$$ {m}_{DW}\ddot{q}={\displaystyle \int {\mathrm{f}}_{\mathrm{g},y}}\kern0.15em dy $$
where m DW  = (2πΔγ 2)− 1 is the DW effective mass [1]. Note that the viscosity of the system is taken into account by introducing into the balance of forces a dissipative linear vector function [16], which, to simplify the consideration of the problem, we do not consider in our article. Its effect on the stationary motion of the BL and BP results in finite values of the mobility of the DW structural inhomogeneities, causing negligibly small additions to their effective masses [1,6,7]. However, in yttrium-iron garnets, where the viscosity is due to an exchange relaxation of the magnetization vector [17], the viscosity can considerably affect the BP dynamics [18]. Therefore, in these materials it is necessary to consider some given factor in the determining of the BP effective mass.
Let us now consider the vertical BL in the DW of the magnetic film. In this case, from article [6], it follows that the DW gyrotropic bend in the BL center has the form
$$ {q}_{\xi \to 0}={\dot{x}}_0{b}^{-1}{\omega}_M^{-1}\sqrt{\pi }{Q}^{-1/2}, $$
(7)
where 0 is the BL velocity, h is film thickness,
$$ b={\left(f-{f}_c\right)}^{1/2}{\left(1+\frac{\Delta}{\pi h{k}_c^2}-\frac{\Delta}{\pi h}{\left(\frac{h}{\Lambda}\right)}^2{K}_0\left(\frac{k_ch}{\Lambda}\right)-\frac{\Delta}{\pi h}{\left(\frac{h}{\Lambda}\right)}^2\frac{K_1\left({k}_ch/\Lambda \right)}{k_ch/\Lambda}\right)}^{1/2}, $$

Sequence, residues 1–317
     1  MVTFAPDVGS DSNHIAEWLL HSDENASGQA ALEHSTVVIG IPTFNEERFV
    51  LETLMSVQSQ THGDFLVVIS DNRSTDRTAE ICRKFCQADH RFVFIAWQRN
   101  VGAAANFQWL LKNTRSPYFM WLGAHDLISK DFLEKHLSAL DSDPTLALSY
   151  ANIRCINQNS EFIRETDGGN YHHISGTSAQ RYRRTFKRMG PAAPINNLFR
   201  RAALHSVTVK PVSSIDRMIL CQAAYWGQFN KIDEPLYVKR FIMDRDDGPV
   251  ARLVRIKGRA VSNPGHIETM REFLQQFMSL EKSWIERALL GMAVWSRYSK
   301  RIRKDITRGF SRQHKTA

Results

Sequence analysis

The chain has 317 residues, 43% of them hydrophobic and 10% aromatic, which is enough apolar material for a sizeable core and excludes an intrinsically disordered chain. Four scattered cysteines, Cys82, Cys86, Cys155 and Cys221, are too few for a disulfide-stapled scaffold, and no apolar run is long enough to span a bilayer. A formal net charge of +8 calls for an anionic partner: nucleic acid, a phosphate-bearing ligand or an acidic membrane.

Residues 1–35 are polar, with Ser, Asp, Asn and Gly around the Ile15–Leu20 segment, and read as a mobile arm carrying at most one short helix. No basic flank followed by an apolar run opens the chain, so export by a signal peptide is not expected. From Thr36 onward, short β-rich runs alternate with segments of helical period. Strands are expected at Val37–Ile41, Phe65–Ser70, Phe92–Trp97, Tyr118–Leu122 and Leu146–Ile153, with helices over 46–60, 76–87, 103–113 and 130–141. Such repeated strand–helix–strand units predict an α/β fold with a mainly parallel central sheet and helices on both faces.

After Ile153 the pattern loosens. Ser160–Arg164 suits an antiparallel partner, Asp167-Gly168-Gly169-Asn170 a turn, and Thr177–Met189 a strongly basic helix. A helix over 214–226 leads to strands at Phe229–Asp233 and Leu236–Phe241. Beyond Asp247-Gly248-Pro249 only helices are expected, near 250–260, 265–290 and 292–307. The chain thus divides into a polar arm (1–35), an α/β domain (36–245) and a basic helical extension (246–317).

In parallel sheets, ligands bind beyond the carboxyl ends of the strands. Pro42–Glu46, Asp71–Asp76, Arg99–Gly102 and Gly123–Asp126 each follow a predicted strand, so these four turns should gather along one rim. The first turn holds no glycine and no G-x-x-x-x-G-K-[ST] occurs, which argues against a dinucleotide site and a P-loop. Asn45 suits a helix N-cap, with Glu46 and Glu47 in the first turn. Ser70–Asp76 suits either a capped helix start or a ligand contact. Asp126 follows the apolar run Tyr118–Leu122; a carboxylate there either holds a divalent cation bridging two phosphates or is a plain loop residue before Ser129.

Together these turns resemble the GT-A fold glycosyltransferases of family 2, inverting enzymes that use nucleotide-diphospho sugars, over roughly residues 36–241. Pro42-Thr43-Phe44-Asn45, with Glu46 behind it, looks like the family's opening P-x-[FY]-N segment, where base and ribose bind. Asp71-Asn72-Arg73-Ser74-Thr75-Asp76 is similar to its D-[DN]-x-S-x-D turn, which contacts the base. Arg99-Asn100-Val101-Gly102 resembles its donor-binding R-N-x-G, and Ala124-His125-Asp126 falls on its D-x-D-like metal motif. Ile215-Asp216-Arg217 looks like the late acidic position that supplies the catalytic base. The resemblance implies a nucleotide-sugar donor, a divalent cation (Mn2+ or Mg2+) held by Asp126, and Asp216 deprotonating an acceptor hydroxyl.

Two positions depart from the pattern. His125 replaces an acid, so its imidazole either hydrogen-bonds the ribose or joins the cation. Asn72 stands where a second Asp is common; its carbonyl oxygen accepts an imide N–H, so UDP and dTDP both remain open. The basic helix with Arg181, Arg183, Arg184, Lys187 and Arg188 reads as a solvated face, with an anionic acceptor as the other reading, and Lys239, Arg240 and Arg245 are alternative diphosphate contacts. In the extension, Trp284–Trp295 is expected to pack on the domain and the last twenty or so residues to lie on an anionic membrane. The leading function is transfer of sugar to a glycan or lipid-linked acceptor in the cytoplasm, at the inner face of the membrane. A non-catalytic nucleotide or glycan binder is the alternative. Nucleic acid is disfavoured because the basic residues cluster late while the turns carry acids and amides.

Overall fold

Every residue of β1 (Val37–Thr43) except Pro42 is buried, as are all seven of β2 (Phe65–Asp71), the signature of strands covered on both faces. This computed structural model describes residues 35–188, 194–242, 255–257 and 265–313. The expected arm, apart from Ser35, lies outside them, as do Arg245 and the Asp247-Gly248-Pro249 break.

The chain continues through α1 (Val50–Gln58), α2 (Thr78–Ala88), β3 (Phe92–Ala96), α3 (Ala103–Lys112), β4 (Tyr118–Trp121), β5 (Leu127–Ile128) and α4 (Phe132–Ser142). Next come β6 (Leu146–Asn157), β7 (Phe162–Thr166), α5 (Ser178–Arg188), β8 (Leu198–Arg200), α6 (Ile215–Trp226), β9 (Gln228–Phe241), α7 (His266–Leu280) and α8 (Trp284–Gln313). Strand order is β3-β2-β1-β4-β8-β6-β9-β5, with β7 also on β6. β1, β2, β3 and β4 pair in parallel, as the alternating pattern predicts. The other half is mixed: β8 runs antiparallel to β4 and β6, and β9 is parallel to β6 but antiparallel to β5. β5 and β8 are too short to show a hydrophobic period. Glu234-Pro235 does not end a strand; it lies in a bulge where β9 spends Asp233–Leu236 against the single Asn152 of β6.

f c and k c are the respective critical values of the bias field gradient and wave vector characterizing DW bending instability [19], and K 0,1(x) are the McDonald functions.
It is noteworthy that instead of the laborious process of finding the ‘kinetic potential’ of the vertical BL, it is possible to use Equations (3) and (7) to easily obtain the expression for m L,f - the effective mass of the vertical BL in DW of magnetic film. The result (provide a reference to the final equation) coincides with the corresponding formula given in article [6]
$$ {m}_{L,f}=3\pi {\left(8b{\gamma}^2{Q}^{1/2}\right)}^{-1}. $$
Similarly, for the vertical BL in the domain wall of the magnetic bubble domain, in accordance with [7], defining the Fourier harmonics of the DW bend in the BL center, we can write
$$ {q}_{1,0}^{(1)}=-\frac{{\dot{\beta}}_L{a}^2h}{4{\omega}_M\left[{S}_0(a)-l{h}^{-1}\right]}\kern0.5em ,\kern0.5em {q}_{1,n}^{(1)}=-\frac{{\dot{\beta}}_L{a}^2h}{2{\omega}_M\left({n}^2-1\right)\left[l{h}^{-1}-S{}_n(a)\right]ch\left(\pi \Lambda n/2r\right)},\kern0.5em n\ge 2\kern0.15em ;\kern0.15em {q}_{2,n}^{(1)}=0, $$